New York Times editorial board member Greg Bensinger:
Consider Amazon. The company perfected the one-click checkout. But canceling a $119 Prime subscription is a labyrinthine process that requires multiple screens and clicks.
Or Ticketmaster. Online customers are bombarded with options for ticket insurance, subscription services for razors and other items and, when users navigate through those, they can expect to receive a battery of text messages from the company with no clear option to stop them.
These are examples of “dark patterns,” the techniques that companies use online to get consumers to sign up for things, keep subscriptions they might otherwise cancel or turn over more personal data. They come in countless variations: giant blinking sign-up buttons, hidden unsubscribe links, red X’s that actually open new pages, countdown timers and pre-checked options for marketing spam. Think of them as the digital equivalent of trying to cancel a gym membership.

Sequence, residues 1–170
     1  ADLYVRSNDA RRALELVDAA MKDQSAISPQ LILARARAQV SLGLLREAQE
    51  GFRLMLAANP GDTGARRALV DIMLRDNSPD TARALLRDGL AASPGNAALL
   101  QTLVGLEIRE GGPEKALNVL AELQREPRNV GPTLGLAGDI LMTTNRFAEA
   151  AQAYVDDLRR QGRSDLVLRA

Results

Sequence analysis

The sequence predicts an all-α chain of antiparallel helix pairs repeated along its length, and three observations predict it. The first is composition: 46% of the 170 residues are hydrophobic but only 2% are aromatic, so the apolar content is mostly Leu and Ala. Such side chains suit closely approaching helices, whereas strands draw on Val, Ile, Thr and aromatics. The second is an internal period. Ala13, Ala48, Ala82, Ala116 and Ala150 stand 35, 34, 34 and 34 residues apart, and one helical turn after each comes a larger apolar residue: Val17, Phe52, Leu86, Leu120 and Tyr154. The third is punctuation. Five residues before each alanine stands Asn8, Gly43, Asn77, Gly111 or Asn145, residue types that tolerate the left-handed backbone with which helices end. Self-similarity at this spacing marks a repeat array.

Design patterns like these sure are unethical, often forcing people to spend a great amount of time to understand byzantine systems of purchasing options and unsubscribe methods.
By the way, how does someone cancel, say, a New York Times subscription?
Speak with a Customer Care Advocate
Call us at 866-273-3612 if you are in the U.S. Our hours are 7 a.m. to 10 p.m. E.T. Monday to Friday, and 7 a.m. to 3 p.m. E.T. on weekends and holidays.
Chat with a Customer Care Advocate
The Times calls these two choices — speaking or chatting — “several ways to unsubscribe”, but they both rely on someone else cancelling your subscription. A subscriber has no way of doing so themselves. This arduous process is so well-known that it is in the new Dark Patterns Hall of Shame. But, though Bensinger writes extensively about dark patterns and even links to that Hall of Shame, he does not once acknowledge the Times’ subscription cancellation policies, which makes his concluding paragraph especially rich:
Companies can’t be expected to reform themselves; they use dark patterns because they work. And while no laws will be able to anticipate or prevent every type of dark pattern, lawmakers can begin to chip away at the imbalance between consumers and corporations by cracking down on these clearly deceptive practices.